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Focus On Island Children During Nantucket Oral Health Community Forum

Island dentists, along with medical staff from Nantucket Cottage Hospital and other concerned stakeholders convened earlier this month for the first Nantucket Oral Health Community Forum, an effort to forge an integrated and effective oral health care program for island children under the age of 12.

The forum, sponsored by the Rotary Club of Nantucket in conjunction with Nantucket Cottage Hospital, was an opportunity for a wide range of caregivers and concerned citizens to explore the issues, share their experiences and exchange ideas for solutions.

Over the past 15 years, caries - defined as tooth decay resulting from poor oral health care - has become a silent epidemic among the nation’s high-risk children, and a growing problem on Nantucket. Children as young as 4-years-old have been forced to leave the island to have decaying teeth removed.

Participants identified a number of impediments to proper oral health care for island children, including financial and insurance issues, education, and language barriers among parents. An awareness campaign, along with education for new mothers, providing a catalog of resources, and the development of a strategic, integrated oral health care plan were all cited as potential solutions. The group will now condense the information gathered during the forum into a blue-print for a community-based plan to create a safety net for all high-risk children and their parents. It will include education, awareness, involvement, communication-sharing, service availability, and propose changes to the way the community views oral health and its impact. Future forums are being planned.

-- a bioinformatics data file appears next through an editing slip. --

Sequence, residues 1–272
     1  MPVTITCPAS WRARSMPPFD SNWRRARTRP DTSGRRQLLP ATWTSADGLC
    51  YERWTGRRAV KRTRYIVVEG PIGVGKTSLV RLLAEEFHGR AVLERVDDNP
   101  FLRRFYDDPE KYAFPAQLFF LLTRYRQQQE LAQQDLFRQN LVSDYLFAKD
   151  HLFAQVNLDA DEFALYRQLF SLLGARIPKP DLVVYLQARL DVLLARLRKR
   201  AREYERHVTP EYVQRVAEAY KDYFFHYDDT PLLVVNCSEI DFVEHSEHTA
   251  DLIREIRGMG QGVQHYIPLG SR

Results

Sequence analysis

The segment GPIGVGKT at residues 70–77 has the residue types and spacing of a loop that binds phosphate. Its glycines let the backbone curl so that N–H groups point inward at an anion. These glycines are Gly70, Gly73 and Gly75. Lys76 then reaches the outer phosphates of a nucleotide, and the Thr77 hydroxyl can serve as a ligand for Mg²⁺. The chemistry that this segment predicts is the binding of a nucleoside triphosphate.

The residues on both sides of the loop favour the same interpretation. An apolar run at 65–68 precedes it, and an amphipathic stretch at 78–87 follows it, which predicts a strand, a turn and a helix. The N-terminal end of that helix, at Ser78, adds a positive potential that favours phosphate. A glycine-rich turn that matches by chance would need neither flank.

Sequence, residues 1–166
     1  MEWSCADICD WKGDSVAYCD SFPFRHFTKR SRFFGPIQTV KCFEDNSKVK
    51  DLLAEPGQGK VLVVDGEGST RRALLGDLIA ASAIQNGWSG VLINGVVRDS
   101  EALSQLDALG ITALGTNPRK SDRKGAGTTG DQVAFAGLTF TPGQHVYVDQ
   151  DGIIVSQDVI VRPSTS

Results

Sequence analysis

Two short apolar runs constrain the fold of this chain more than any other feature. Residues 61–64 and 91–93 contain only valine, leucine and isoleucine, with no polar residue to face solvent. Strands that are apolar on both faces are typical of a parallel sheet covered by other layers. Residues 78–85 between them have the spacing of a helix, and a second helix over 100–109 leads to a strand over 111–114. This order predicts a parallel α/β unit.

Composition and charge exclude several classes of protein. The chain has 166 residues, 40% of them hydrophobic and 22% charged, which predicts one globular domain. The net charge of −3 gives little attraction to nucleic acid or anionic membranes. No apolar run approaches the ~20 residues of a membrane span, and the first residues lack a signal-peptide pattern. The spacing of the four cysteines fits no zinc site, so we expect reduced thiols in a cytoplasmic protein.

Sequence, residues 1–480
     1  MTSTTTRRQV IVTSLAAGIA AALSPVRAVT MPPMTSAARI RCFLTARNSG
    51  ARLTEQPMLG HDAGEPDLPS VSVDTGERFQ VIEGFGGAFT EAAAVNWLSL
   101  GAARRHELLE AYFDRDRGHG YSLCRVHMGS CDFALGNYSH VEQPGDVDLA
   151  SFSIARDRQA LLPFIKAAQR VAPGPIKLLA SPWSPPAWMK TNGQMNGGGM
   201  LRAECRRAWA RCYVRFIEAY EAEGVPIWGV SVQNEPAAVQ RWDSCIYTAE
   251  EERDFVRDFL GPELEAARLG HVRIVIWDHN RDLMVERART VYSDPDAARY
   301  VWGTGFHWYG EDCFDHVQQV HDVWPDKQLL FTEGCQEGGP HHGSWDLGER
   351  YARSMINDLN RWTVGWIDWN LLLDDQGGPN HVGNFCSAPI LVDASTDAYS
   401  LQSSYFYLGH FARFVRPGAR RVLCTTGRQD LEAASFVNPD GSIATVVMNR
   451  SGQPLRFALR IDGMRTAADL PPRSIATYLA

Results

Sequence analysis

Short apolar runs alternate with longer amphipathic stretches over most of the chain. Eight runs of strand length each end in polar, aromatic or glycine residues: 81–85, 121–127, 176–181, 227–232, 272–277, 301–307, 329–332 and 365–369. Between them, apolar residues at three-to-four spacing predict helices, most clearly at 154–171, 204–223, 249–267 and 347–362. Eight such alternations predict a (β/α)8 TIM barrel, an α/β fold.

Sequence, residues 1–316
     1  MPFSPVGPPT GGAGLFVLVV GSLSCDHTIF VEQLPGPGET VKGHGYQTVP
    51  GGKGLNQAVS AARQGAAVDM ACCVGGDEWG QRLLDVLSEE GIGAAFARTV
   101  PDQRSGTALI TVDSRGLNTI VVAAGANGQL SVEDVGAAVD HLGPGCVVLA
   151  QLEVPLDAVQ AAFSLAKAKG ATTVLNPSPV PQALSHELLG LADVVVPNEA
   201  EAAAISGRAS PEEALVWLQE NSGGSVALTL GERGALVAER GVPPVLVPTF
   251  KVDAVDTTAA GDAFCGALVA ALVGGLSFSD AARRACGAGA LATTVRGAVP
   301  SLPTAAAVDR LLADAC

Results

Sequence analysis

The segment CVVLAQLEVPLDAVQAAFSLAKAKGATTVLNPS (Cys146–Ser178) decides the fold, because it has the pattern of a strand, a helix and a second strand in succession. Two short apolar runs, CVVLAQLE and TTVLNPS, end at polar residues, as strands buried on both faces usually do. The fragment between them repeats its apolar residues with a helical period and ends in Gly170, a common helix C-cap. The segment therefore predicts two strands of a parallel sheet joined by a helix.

“The forum was an excellent opportunity for island dentists and our doctors from the hospital to collaborate and discuss this important issue,” said Dr. Margot Hartmann, who attended the forum with a number of NCH staff members. “Improving the oral health of our children is a priority and this was a significant first step toward that goal.”

The forum was attended by over 25 medical and dental professionals from both Nantucket and the mainland.

Donna Hamel, President of Rotary Club of Nantucket, and Dr. Hartmann, opened the forum stressing the importance of the community coming together to form an organized initiative to address means to better serve the youngest of our at-risk children.

"We at the Rotary are so very pleased with the number of professionals that turned-out at our first forum and are even more pleased to see that there is a very clear consensus among these attendees about the seriousness of the issue and that as a community we must come together and look to producing solutions that will benefit our children".

According to Amos Deinard, MD, M.P.H, Department of Pediatrics of the University of Minnesota, among the high-risk children, 20 percent of two-year olds to 50-60 percent of five-year olds have caries, which if left untreated results in systemic, long-term effects such as increased risk for cardiovascular disease. Caries is the most common chronic disease of childhood, five times more prevalent than asthma and seven times more prevalent than hay fever.  Dr. Deinard is a frequent visitor to Nantucket and has been a force in bringing the issue of caries to the forefront on the island.